New Costa Mesa police contracts head to final adoption

New Costa Mesa police contracts head to final adoption
The Costa Mesa City Council moved a step closer Tuesday to adopting two new contracts covering local police personnel. (File Photo)

Two new employee contracts covering Costa Mesa police personnel moved a step closer to approval Tuesday night when the City Council reviewed the agreements and voted unanimously to schedule them for final adoption next week.

On the table are proposed memorandums of understanding with the Costa Mesa Police Assn. — which represents rank-and-file officers — and the Costa Mesa Police Management Assn., which consists of higher-ranking personnel.


The most substantive changes are in the agreement with the management association, which would run through June 30, 2022.

The pact covers eight employees and would provide them a series of four 3% salary increases between now and July 1, 2021.


Those employees — who last received a pay raise in 2008, according to city staff — would, in turn, steadily increase their retirement contributions until they are putting 14% of their pay into their pensions by July 1, 2020.

Additionally, the management association’s members would be entitled to flexible benefit contributions of $2,119 per month for health insurance, along with a $75 monthly technology allowance. Lieutenants could receive $1,000 per fiscal year for professional development.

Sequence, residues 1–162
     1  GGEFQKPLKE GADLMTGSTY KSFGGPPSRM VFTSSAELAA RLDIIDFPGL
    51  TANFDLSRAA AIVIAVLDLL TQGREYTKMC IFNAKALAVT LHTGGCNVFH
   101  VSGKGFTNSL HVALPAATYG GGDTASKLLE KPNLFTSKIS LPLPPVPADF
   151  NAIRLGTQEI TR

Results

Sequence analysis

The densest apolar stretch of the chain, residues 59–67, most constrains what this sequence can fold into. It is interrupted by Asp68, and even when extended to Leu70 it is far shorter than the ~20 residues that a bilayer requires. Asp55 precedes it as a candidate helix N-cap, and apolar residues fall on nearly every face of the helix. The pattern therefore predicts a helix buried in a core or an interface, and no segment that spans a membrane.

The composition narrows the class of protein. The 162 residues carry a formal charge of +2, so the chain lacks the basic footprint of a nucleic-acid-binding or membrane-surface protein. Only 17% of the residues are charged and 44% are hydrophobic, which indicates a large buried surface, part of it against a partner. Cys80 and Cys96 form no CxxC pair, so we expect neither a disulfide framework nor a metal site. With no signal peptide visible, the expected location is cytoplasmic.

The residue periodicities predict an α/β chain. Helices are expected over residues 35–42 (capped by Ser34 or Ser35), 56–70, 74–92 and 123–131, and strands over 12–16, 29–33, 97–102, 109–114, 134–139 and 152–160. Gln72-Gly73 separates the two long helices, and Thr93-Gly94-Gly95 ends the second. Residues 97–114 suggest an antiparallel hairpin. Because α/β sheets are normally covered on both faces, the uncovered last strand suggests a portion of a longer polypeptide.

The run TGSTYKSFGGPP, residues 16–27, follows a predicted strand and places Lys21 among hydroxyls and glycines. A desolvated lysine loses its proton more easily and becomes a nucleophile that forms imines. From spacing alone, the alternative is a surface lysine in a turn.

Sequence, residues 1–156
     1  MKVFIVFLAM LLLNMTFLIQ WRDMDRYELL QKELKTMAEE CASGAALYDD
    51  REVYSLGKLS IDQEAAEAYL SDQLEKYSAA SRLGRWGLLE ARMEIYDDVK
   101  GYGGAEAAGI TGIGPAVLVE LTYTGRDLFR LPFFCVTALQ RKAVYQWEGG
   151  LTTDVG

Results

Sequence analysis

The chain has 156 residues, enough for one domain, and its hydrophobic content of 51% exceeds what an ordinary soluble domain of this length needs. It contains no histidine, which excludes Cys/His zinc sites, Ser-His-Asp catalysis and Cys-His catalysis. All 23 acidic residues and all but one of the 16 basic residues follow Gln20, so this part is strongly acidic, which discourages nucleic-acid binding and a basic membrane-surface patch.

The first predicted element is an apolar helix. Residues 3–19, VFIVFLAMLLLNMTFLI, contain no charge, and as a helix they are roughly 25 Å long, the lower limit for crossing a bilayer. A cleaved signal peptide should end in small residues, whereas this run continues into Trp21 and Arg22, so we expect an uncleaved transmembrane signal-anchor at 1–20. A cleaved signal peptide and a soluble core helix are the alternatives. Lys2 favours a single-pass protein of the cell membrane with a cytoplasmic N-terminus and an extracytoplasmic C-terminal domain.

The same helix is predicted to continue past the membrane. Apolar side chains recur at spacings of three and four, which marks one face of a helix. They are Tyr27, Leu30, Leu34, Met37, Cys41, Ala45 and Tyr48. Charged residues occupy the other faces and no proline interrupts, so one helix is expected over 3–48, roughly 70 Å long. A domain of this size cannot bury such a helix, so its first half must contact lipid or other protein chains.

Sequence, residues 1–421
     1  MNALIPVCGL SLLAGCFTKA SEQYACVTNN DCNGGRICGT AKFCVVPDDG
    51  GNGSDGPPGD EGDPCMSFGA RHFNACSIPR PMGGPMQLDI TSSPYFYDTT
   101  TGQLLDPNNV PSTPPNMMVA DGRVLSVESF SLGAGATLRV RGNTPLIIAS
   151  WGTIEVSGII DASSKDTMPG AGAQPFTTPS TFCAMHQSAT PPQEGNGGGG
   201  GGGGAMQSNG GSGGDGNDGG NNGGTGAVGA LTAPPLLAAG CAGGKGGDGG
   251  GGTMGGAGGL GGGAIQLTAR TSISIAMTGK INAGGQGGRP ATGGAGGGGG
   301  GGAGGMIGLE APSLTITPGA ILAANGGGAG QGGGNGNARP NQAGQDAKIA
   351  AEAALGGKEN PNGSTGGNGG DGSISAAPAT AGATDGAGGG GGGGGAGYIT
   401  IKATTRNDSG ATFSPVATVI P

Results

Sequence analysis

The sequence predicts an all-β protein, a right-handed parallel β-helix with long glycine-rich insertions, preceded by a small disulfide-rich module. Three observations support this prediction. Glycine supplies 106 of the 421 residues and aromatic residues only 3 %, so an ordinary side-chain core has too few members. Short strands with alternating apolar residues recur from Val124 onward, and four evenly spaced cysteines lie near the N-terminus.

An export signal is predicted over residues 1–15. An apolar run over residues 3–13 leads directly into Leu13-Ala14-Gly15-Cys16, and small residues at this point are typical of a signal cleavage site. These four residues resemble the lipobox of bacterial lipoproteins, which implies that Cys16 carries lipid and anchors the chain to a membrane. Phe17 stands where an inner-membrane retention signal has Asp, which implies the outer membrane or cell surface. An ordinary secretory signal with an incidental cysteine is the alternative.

The overall cost of the agreement is calculated at $1.7 million.

The pact with the rank-and-file association, on the other hand, is largely the same as the last one, which was approved in April 2016 and expired last June.

A significant change is that the 127 people covered by the agreement would be entitled to a flexible benefit contribution of $1,375 per month for health insurance, with that amount rising to $2,119 on July 1. Currently, the figure is $631 a month.

The cumulative cost to the city as a result of the increase would be about $4.5 million over the life of the contract.

Mayor Katrina Foley said the agreements will not increase the city’s unfunded pension liability.

“It’s what I call frugal but functional,” she said. “We have a need to be competitive … in order to maintain our Police Department, in order to recruit. We’re still understaffed in our Police Department.”

Tuesday’s hearing was the first of two required by the city’s Civic Openness in Negotiations, or COIN, ordinance before the council can officially sign off on the agreements. The second is scheduled for next Tuesday.

Under COIN, proposals and offers from the city and an employee union must be posted online during contract negotiations. The ordinance also requires that there be independent financial analysis of contract proposals and designation of an independent negotiator to bargain on the city’s behalf.

An independent economic analysis also must be done on the financial impact of each contract term and be made public 30 days before negotiations with an association begin.

Councilwoman Andrea Marr said she thinks the council should look at tweaking the COIN process “so we can make this move a little bit faster” and more efficiently.

“It’s great that we’re putting it on the website and being transparent, but there’s also 30 days where we sit around and stare at each other, and no one is clear on what that 30 days is supposed to accomplish,” she said after the meeting.

“I’m certainly not saying I don’t support transparency, but I think we can tighten it up,” she added.

Councilman Allan Mansoor, however, said there are benefits to a longer process.

“There’s transparency, there’s openness, there’s discussion — everyone can see what’s going on,” he said. “Does it take a lot of work? Yes, a lot of time and effort. But I think it’s worth it because everyone gets to see what’s going on and where your tax dollars are being spent.”